Diary of Charles Francis Adams, volume 6

Saturday. 5th. CFA Saturday. 5th. CFA
Saturday. 5th.

Pleasant day, I went to the Office and was again occupied in the transaction of money business. I effected this day, the loan of all the balance of Money remaining in my hands of every description. And the arranging it in proper shape in my account books took me much of the morning. This whole week has been consumed almost entirely in the arrangement and disposition of large sums of money. Perhaps there is nothing at the time more exciting than this pursuit. It has the charm of gambling without it’s torture and sense of shame. Yet after all, for a philosophical mind to reflect upon what it is when divested of it’s only just motive: the means of a competent subsistence, I ought to be particularly careful in this regard, having little excuse to hazard my happiness upon such stakes. My time slipped away so that I lost my walk.

Home but read Livy. My child Louisa is again unwell. Her condition 346is a very singular one. It gives me great anxiety. Afternoon, Niebuhr, and de la Motte Fouqué. Evening, Madame Junot, and finished Bolingbroke’s Letter to Sir W. Windham. Every thing appears to be hushed just at present, Politics more especially. Mr. Brooks passed a couple of hours with us in general conversation.

Sunday. 6th. CFA Sunday. 6th. CFA
Sunday. 6th.

Morning somewhat cooler and with a raw East wind. I read Montesquieu Grandeur et Decadence des Romains—A book crowded with thoughts.1 I like very much to meet with an exercise of the reflecting faculty which most books are not.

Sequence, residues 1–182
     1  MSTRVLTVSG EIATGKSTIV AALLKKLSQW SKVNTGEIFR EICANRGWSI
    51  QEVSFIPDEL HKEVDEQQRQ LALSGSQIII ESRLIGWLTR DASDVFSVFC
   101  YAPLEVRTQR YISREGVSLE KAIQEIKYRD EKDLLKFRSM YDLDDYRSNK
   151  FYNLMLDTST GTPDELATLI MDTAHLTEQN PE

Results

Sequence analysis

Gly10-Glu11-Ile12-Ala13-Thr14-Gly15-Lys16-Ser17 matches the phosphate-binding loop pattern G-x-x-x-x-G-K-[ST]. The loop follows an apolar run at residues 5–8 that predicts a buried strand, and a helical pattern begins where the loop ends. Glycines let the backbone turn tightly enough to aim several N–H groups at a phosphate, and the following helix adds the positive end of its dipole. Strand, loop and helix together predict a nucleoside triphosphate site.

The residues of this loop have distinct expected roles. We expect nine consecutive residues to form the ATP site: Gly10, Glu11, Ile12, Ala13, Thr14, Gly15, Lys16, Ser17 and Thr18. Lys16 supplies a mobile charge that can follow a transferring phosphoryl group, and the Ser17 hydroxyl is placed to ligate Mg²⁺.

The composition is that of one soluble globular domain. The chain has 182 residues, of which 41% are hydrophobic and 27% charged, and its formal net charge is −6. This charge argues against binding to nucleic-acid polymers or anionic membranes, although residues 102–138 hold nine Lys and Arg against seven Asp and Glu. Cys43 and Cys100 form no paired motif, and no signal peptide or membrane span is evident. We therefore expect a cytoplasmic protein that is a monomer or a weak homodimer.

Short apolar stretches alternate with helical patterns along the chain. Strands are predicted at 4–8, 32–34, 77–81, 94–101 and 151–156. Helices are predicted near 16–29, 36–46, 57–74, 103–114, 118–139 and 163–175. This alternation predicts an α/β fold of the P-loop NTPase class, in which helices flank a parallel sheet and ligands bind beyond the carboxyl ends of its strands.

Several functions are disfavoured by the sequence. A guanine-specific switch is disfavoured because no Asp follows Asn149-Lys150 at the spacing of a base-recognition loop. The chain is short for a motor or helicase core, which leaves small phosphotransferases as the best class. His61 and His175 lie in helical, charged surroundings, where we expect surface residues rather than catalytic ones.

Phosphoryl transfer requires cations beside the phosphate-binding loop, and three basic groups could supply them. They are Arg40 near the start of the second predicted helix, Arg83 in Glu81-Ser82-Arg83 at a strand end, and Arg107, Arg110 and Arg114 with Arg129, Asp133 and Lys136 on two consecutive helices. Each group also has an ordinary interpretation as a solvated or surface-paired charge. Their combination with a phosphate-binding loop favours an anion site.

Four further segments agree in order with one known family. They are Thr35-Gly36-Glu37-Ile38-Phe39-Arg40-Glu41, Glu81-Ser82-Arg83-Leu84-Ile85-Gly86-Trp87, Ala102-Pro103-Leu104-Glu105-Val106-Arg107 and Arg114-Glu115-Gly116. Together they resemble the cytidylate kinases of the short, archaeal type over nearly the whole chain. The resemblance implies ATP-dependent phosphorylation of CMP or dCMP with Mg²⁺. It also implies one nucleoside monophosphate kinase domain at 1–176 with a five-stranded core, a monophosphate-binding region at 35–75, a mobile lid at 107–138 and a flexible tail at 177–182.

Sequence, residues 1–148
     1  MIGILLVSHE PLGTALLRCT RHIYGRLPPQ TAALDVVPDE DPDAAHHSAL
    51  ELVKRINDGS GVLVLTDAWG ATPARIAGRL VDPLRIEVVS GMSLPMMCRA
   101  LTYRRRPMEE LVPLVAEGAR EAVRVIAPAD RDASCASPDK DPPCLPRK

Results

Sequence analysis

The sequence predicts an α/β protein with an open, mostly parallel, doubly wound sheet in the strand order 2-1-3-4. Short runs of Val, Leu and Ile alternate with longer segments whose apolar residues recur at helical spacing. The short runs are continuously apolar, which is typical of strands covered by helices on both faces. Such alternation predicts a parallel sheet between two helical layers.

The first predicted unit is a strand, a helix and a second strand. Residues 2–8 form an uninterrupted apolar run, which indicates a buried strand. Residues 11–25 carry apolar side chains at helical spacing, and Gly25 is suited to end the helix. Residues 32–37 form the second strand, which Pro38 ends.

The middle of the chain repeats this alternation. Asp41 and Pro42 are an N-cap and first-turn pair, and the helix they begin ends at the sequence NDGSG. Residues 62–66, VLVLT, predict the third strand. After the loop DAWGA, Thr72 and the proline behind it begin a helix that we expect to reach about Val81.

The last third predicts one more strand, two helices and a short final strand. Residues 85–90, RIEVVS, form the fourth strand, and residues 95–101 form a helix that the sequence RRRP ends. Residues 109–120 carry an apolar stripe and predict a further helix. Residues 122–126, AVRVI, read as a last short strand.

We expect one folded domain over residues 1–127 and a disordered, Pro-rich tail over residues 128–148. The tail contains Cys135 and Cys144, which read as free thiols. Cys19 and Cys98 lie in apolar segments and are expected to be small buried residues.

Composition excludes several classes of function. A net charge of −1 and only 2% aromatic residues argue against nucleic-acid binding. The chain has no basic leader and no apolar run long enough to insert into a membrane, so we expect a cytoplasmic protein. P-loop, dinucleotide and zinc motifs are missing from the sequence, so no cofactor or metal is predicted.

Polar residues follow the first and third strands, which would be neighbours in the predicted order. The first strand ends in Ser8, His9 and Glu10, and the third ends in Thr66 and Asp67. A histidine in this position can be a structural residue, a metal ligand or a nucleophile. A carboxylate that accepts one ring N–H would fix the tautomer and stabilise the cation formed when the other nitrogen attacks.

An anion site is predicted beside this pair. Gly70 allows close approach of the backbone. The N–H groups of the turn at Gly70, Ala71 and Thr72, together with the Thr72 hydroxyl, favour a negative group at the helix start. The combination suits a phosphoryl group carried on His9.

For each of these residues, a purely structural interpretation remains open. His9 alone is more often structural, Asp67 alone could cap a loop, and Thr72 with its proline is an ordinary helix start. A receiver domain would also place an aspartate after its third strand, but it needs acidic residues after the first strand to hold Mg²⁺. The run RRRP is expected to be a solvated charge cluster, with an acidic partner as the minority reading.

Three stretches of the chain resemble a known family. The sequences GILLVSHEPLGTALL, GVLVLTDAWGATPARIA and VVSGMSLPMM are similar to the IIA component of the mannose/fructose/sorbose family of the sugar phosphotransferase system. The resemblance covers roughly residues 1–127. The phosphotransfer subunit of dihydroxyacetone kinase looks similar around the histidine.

Attended divine Service and heard Mr. Frothingham from Numbers 20. 8. “Thou shalt bring forth to them water out of the rock.” I could not fix my attention at all to the discourse. The exciting events of the week, the extraordinary responsibility of such large money transactions, still retains its influence over my mind. Perhaps it is one of the best purposes of the Sunday services to sooth down and quiet such feelings. Afternoon Mr. Parkman. 1 Peter 4. 15. “Let none of you suffer as a busy body in other men’s matters.” Mr. Parkman discussed this topic of meddling with much sense and propriety. His final conclusions bore hard upon the affected philanthropists, the temperance reformers and abolitionists. Mr. Walsh dined and walked with me.

I read a Discourse of Dr. Barrow from Romans 12. 17. “Provide things honest in the sight of all men.” He in this the opening of the subject considers, first the meaning of the text, then the reasons for and finally those against observance. He goes over the reasons often assigned for appearing worse than one is—And deals with it well although not better than Mr. Frothingham did the other day. Evening quietly at home. I read to my Wife from Madame Junot. Afterwards, read part of Sheridan’s Life of Swift.2


In vol. 6 of the edition of Montesquieu’s Oeuvres now at MQA, but which CFA seems then to have had among his books in Boston; see vol. 4:39, 255.


Thomas Sheridan’s Life of Jonathan Swift, Dublin, 1785, was borrowed from the Athenaeum.

Monday. 7th. CFA Monday. 7th. CFA
Monday. 7th.

Morning pleasant. Office, nothing new. Mr. Hallett does not seem to be disposed to notice my Articles at all. What has got into him? Is it not part of the double faced system he has always been pursuing 347towards me? He likes my aid without my company. Well, I must do as well as I can and neglect trifles. I must rest upon my ability to help them and overlook all little intended discouragements.

My time was taken up in Accounts, attending a brief meeting of Middlesex Canal Directors and writing a letter to Mr. Johnson about his funds,1 and thus the time all escaped. Walk. Home, Livy, finished the fifth book and began the sixth. Afternoon, Niebuhr who is insufferably dry and de la Motte Fouqué. Copied and sent the letter to Mr. Johnson. Evening quietly at home, reading to my Wife Madame Junot. Afterwards, so drowsy that I retired early.


To T. B. Johnson (LbC, Adams Papers).